How Coles and Woolworths gave Flora & Fauna its best month ever
The removal of free single-use plastic bags at checkout has come at a cost to Coles and Woolworths, with both supermarkets admitting the decision had a negative impact on sales. But the national chains’ loss has become some other retailers’ gain, as growing consumer awareness around plastic pollution creates boom times for eco-friendly businesses.
Online retailer Flora & Fauna, which offers a diverse range of sustainable and cruelty-free homewares, apparel and beauty products, including reusable bags, posted its best month “by quite a factor” in July, according to the company’s founder and CEO Julie Mathers.
“Sales of reusable shopping bags went through the roof,” she said.
Mathers noted that Flora & Fauna regularly participates in the Australia-founded initiative Plastic Free July, which often leads to a boost in sales.
She described the event as “a little bit like our Christmas”, but said the fact that the plastic bag ban occurred in the same month this year likely contributed to even higher sales. Sales in July were 20 per cent up on June, according to Mathers.
“Customers are just more conscious. We see it largely via social media. They will question packaging more on everything,” she said.
“We recently launched a lip balm in a cardboard tube, and people immediately started asking whether they could get deodorant in cardboard and other products like that.”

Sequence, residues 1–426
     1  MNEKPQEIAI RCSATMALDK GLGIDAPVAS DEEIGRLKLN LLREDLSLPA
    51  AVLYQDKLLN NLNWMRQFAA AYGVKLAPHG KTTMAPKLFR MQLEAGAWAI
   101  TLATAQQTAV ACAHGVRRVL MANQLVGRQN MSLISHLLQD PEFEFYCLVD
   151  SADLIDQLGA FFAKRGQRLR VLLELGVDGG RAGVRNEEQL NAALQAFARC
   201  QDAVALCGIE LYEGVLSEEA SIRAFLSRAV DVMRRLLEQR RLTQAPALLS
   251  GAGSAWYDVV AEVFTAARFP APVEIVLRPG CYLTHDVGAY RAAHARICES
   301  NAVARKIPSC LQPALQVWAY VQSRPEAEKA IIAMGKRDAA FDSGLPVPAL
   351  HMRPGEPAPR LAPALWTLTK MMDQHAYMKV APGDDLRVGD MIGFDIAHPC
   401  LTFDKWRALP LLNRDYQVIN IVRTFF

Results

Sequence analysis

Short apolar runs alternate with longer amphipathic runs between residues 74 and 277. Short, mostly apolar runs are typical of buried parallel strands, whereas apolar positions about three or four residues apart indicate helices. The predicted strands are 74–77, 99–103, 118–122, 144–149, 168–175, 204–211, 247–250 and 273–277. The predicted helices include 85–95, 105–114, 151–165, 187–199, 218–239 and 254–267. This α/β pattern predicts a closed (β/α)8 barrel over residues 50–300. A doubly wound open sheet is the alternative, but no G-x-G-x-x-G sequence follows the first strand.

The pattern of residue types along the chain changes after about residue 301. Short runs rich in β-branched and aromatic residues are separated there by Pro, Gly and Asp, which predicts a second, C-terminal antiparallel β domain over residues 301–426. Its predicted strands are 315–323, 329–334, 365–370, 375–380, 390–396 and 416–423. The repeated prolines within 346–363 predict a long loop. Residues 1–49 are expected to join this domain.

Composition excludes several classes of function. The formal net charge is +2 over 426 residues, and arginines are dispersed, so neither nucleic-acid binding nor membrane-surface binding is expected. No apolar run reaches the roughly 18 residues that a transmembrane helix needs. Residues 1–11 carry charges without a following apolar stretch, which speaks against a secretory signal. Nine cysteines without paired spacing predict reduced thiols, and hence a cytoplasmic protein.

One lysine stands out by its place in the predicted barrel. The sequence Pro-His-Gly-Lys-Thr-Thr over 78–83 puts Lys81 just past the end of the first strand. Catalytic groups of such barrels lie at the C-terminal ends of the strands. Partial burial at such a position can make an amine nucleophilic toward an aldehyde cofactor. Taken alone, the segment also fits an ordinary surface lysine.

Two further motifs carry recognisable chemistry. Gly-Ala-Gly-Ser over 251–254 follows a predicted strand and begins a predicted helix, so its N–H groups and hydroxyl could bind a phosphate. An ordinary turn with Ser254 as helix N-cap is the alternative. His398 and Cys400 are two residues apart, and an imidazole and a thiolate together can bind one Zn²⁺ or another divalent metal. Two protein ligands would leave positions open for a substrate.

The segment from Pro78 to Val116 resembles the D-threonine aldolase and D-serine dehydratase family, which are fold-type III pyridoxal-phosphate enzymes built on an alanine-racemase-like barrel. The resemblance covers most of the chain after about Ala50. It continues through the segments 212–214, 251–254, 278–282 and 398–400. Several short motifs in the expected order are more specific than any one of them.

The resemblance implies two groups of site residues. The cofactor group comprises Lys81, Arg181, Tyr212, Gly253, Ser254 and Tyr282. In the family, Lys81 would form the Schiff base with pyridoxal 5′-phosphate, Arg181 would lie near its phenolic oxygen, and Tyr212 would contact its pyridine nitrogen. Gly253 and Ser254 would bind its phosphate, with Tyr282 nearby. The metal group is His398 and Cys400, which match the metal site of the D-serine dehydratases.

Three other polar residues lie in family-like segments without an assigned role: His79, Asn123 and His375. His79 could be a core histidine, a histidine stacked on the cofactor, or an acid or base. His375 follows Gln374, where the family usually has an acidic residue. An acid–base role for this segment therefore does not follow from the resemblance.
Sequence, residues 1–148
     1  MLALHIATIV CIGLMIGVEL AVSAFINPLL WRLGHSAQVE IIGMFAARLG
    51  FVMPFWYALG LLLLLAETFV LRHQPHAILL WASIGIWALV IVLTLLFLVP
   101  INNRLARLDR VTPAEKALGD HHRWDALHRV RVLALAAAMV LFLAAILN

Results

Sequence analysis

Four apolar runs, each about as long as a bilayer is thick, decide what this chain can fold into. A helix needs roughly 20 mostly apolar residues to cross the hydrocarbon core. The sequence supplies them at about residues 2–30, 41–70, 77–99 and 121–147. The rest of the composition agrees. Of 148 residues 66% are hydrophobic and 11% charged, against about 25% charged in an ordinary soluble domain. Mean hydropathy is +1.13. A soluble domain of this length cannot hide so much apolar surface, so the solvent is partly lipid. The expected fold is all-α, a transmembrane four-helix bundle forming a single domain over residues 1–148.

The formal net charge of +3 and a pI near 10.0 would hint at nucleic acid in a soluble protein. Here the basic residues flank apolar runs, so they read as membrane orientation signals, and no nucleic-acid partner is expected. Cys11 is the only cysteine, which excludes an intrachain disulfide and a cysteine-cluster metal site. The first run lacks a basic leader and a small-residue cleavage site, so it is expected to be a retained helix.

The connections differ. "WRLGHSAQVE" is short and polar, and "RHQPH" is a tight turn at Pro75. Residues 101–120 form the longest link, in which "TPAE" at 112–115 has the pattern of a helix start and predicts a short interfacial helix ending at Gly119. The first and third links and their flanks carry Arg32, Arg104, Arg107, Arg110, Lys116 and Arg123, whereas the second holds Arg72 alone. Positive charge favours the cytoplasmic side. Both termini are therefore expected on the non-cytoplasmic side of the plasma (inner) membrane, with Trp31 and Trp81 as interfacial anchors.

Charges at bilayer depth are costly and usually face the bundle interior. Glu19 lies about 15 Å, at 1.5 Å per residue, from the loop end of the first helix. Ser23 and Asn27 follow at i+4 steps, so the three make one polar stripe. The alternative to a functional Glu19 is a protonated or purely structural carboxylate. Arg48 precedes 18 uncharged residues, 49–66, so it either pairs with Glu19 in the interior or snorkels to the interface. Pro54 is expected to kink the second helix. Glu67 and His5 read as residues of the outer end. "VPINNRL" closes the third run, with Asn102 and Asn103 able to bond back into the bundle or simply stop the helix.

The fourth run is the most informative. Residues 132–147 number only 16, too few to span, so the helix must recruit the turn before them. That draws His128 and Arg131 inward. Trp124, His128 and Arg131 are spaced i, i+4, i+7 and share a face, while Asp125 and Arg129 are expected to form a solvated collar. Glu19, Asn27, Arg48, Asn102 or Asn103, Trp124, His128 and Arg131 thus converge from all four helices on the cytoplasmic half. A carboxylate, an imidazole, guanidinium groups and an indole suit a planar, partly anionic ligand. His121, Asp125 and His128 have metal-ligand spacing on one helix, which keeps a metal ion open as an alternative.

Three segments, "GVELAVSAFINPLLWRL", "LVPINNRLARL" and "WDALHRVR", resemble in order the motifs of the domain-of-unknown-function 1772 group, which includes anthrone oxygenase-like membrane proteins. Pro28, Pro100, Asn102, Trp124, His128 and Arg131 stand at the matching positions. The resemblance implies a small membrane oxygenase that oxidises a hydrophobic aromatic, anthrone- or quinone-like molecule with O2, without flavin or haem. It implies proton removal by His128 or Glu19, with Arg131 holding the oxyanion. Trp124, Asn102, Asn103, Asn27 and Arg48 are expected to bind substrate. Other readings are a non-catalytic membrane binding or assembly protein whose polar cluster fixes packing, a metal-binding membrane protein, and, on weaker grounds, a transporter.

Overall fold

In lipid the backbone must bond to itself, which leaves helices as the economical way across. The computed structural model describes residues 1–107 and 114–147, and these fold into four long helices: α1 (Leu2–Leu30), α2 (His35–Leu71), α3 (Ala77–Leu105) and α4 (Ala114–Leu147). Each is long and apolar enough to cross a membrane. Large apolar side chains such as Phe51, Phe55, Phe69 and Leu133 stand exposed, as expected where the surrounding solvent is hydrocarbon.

A can of worms
Indeed, while customers are largely in favour of the removal of free, single-use plastic bags at supermarket checkouts, they have been quick to spot the hypocrisy of retailers requiring customers to bring reusable bags, but then selling plastic-wrapped produce or giving away plastic collectibles as a promotion.
Coles and Woolworths have found themselves needing to account for the use of plastic throughout their business.
Flora & Fauna has experienced this phenomenon too. Mathers said she stopped including free beauty product samples in customer orders – dutifully sent in FSC-certified cardboard boxes, rather than plastic satchels – since customers saw them as wasteful.
“Customers are just becoming more expectant,” she said.
Last year, the retailer partnered with TerraCycle, a US-based recycling company that specialises in handling hard-to-recycle materials like mascara tubes and other beauty product containers. Customers send their empty containers to Flora & Fauna, which forwards items to TerraCycle for reuse.
The retailer has benefitted from this comprehensive approach to sustainability. Next month, it will move into a larger warehouse in Paramatta, Sydney, which includes a small storefront, giving Flora & Fauna its first official bricks-and-mortar presence since launching four years ago.
Mathers said the store will give customers an opportunity to try on certain products – like makeup and apparel – before buying. It will also be used as an events space, where Flora & Fauna can hold sessions on topics like creating a plastic-free home.
“You don’t need to have a lot of stores, but you need to have some,” Mathers said.
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